Psalms 122:1-2, 3-4, 4-5
The pruning of vines and other such agricultural images make frequent appearances in the New Testament. This is hardly surprising, given the complexion of Jewish society at the time of Jesus. In the Gospel today we find such an image employed to illustrate the need for us to cleave to the Lord Christ if we are to bear fruit. Apart from him “we can do nothing,” says the evangelist. The Father prunes where needed and cuts away the dead wood. Already this is a powerful message to us about the need for prayer and for the cultivation of habits of life that help us conform more perfectly to God’s will.
Today, however, something else has struck me. I am a trained historical theologian with a strong interest in the relationship between Jews and Christians in the early centuries. That relationship is complex and easily misunderstood. For example, according to the Church’s tradition of interpretation, one could, reading Acts in the light of John, conclude (as many have done throughout Christian history) that the Jews are the fruitless branches that have been cut off from the “true vine.” Such a reading could follow, given a particular, and wrong, understanding of the evolution of Christianity and Judaism in the early Church.
This passage from Acts, and others like it, points to a struggle we no longer remember between practitioners of the same religion about how to live that religion properly in a new context. The question was “how do we be Jewish without a temple or a nation?” It now appears quite certain that the two most successful answers to that question have been mediated through history as Christianity and modern Rabbinic Judaism. Although the reading from Acts refers to gentile converts, there were probably not many of these, at least in the beginning. The real fight was about the meaning of the law and the place of the Gentiles within God’s plan. It was not a fight between “Christians” and “Jews” understood in the modern sense as two separate and distinct religions. Both of these religions as they now exist are the descendents of an ancient tradition, and, as such, we might say that they are both part of the healthy vine that has survived God’s pruning. It is, therefore, completely inappropriate to read the confluence of these two texts in an anti-Jewish way.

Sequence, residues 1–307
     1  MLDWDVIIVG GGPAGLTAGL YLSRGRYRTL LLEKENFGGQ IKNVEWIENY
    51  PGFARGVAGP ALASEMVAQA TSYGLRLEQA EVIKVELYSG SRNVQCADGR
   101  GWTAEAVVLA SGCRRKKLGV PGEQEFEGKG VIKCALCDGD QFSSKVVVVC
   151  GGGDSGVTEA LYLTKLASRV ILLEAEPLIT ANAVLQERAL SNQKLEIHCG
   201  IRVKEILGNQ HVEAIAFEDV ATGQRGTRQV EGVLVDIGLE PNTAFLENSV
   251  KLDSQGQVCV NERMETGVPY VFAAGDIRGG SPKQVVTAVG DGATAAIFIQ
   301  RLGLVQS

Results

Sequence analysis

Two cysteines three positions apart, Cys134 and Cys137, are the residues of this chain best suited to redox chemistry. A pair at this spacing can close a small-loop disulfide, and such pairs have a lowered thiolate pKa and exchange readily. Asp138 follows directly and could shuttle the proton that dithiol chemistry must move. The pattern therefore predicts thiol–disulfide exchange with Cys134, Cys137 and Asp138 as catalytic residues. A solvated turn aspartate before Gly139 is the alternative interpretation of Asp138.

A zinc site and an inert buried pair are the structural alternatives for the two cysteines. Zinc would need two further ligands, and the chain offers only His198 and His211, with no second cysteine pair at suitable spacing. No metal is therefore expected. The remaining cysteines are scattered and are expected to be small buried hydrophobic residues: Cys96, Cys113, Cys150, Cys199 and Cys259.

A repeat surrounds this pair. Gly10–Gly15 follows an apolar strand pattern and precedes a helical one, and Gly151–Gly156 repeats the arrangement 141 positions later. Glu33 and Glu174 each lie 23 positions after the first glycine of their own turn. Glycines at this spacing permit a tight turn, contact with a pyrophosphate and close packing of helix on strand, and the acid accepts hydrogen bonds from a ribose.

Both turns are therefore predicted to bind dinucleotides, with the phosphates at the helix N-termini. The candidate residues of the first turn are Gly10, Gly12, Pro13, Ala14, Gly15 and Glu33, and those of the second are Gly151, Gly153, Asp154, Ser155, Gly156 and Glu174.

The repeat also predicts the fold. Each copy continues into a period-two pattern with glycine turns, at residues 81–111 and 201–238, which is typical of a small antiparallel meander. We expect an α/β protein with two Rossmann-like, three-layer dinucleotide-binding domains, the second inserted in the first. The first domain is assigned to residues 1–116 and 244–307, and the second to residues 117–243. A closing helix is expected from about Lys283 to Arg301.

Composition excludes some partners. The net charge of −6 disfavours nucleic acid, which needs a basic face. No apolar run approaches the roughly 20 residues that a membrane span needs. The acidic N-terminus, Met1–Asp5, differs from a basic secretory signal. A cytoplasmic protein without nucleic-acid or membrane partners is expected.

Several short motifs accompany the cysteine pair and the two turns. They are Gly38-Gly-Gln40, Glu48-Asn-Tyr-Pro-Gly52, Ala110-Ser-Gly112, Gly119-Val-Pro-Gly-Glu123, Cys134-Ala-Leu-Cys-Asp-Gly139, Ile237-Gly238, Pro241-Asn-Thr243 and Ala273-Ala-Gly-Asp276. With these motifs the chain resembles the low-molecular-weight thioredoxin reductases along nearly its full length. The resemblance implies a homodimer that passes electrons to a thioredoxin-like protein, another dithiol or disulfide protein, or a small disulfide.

What then are we to make of this confluence? Perhaps, if we would be faithful to the spirit of the first followers of Jesus, we might begin by asking ourselves, “are we open to what God is actually doing, even if it seems new and surprising and even if it shakes up our vision of how we think things ought to be?” Are the struggles within our own Christian household in any way analogous to the struggles our forbearers faced within the household of ancient Judaism? Am I like the converted Pharisees mentioned in Acts? (Remember these Pharisees were followers of Jesus.) However we answer these questions, one thing is certain, the solution for us—if indeed we are to remain part of the healthy vine—is “to give thanks to the name of the Lord” and to remember that “apart from [him we] can do nothing.”
Collaborative Ministry Office Guestbook